Grundfos has been in the solar pumps business for 20 years in India, and a total of 32 years globally. It began with deep well solar pumps and has now moved to surface pumps. It’s experimenting with these products in the irrigation of rice fields in Bangladesh and Thailand. A few months ago, the company announced that it had sold more than 8,800 solar pumps across the country. The pumps come with capacities of 20,000 to 70,000 litres. The company is also working with large companies active in CSR campaigns in an attempt to take drinking water to the general public. There’s a mindset among buyers that one can pay up to 5-6% more on a product that is sustainable. But with the ratings system, buyers now have a choice to purchase a product that has been given lesser stars instead of a five star rated product.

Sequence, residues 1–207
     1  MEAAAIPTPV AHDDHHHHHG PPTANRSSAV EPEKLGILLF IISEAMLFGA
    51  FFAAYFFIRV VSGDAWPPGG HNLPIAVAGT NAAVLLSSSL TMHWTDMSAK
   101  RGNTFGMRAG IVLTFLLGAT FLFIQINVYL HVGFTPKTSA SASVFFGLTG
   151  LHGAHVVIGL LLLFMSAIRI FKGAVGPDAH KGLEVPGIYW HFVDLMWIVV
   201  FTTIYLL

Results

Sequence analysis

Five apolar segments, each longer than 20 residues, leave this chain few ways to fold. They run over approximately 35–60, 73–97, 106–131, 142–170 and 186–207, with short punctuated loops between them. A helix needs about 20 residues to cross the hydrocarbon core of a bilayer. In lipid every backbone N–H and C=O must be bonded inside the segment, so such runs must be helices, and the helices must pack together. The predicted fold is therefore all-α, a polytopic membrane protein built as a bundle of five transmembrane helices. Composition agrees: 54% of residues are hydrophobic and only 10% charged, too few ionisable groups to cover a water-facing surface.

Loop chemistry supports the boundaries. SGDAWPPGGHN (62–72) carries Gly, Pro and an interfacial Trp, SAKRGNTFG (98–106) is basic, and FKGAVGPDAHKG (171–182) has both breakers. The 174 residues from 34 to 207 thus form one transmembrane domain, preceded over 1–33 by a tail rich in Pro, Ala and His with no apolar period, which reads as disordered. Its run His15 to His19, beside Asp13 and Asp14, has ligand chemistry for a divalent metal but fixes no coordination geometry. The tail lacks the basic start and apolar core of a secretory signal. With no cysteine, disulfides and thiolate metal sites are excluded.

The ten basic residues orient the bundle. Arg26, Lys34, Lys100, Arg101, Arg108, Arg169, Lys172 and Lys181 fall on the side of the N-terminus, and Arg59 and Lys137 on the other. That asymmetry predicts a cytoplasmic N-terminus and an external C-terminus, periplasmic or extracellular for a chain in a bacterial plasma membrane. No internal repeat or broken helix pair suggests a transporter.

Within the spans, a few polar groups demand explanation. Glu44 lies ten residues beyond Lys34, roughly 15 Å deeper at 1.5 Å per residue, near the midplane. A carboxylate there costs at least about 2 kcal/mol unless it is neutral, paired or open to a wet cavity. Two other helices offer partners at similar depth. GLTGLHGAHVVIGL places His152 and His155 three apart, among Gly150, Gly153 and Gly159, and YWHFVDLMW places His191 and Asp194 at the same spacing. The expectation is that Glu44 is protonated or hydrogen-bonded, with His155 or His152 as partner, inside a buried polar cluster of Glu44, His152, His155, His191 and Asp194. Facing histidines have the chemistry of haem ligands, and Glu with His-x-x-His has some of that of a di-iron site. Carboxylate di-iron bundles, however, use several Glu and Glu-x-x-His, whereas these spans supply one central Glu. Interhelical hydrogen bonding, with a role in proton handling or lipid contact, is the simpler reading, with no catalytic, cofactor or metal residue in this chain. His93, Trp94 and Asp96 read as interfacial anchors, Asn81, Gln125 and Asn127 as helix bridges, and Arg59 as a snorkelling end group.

Commenting on this milestone, Ranganath said, “An off-grid, self-sustaining solar pumping solution is the quickest way to provide water to millions. As a company which is committed to a greener and cleaner planet, Grundfos India constantly focuses on offering energy efficient and sustainable pumping solution, of which solar water pumps is one among them.”
In order to compare quality of its products with those that were blatantly copied, the company ran lifecycle tests on the products. The inferior quality of the copied products soon showed itself when they began to crumble under performance tests.
It’s a matter of quiet pride for the company that it continues a successful run in the country while keeping an eye on staying green.